Director and co-writer Ira Sachs creates a restrained visual style, communicating his characters’ unease with compositions that place people on the extreme edges of one side of the frame, sometimes cutting off part of their faces. But repetitive interaction between characters in an aimless story can’t hold up the film’s weight, and it eventually collapses on its noble attempt to capture life’s frustrations and compromises.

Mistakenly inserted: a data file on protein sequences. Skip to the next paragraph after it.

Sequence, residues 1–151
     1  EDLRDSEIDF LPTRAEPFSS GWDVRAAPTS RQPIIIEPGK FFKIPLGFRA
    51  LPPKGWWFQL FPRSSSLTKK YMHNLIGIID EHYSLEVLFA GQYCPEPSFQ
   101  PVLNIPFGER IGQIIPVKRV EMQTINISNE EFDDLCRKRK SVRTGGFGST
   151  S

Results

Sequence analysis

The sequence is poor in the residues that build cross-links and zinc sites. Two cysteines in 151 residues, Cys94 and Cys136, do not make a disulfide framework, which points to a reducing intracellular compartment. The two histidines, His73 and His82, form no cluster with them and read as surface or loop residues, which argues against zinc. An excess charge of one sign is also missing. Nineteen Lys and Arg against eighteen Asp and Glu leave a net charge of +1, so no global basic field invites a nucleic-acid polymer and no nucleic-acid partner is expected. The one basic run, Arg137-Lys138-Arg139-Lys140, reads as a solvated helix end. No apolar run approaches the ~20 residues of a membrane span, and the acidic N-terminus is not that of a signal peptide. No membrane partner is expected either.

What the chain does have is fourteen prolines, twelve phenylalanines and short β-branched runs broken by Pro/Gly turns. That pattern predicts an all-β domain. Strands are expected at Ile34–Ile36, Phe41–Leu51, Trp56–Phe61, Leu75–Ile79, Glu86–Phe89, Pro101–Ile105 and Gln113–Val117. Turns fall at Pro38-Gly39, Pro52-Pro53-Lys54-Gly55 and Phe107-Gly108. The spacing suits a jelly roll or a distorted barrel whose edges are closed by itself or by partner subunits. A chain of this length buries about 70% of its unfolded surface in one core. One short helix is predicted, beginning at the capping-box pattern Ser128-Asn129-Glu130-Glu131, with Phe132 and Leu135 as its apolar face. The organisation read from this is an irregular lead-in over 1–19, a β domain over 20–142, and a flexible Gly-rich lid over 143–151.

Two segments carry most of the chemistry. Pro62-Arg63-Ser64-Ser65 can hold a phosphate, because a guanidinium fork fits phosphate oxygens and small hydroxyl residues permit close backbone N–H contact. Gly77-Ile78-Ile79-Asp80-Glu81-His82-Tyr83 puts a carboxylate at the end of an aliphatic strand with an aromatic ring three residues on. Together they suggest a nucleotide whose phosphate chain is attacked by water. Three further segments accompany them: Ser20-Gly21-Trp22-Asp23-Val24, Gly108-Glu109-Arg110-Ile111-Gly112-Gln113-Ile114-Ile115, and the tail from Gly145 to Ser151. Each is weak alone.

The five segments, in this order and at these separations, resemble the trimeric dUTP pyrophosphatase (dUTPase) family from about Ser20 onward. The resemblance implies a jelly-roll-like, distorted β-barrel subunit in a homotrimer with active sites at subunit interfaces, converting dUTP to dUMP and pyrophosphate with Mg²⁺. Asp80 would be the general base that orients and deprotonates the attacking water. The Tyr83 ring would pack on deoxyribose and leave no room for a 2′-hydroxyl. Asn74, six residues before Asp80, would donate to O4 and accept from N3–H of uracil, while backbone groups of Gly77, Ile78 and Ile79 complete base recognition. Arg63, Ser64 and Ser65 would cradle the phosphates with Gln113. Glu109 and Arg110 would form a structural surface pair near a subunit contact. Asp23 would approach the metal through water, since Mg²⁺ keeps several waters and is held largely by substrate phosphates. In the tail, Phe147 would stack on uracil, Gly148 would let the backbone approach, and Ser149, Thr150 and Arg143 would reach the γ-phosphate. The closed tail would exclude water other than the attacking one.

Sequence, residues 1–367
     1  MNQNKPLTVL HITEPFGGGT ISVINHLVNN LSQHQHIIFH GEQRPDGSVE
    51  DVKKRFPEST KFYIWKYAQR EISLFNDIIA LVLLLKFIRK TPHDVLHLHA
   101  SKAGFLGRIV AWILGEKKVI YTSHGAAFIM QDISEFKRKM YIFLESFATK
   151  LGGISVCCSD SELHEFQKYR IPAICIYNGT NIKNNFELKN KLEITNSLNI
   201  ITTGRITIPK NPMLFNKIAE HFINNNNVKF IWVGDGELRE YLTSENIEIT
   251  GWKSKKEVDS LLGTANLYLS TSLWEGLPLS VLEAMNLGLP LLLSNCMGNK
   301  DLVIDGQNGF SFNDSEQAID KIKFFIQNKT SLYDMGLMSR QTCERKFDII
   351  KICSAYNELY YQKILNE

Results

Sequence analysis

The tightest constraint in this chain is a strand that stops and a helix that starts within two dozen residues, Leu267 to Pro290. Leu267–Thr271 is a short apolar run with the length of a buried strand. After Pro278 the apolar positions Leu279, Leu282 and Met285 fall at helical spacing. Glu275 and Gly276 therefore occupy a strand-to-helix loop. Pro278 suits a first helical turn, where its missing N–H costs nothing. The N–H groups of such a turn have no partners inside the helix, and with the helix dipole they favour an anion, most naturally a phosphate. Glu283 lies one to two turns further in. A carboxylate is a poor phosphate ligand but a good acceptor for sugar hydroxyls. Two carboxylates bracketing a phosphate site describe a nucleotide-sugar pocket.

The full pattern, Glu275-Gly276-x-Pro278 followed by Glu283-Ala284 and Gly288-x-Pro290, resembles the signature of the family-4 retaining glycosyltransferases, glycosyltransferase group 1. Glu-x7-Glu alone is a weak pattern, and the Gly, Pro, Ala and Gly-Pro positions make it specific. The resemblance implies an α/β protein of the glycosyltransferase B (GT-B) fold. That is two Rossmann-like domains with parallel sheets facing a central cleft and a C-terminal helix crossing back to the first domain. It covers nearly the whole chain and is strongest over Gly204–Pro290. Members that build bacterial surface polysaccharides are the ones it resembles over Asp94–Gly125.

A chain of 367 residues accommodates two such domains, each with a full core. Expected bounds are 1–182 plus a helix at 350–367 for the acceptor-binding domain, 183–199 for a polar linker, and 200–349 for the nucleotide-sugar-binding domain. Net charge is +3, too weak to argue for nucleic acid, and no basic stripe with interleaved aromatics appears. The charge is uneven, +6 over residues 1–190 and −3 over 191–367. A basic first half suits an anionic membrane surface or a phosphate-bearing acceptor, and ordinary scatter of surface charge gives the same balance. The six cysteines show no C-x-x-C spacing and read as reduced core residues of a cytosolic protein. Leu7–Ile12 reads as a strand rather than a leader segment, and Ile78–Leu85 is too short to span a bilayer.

And several are on Indie Wire including this Eric Hynes excerpt:
(Rip Torn's) method-acting arsenal is both deeper and less showy than Harvey Keitel’s, which might explain why subtlety-skittish directors prefer the latter actor for these brawny-blubberer roles and hire Torn instead for one-note turns with his baritone. Credit Ira Sachs for giving Torn room to move, and for knowing that a professional supporting player and space-sharer would ultimately let his co-star, Dina Korzun, run off with the film.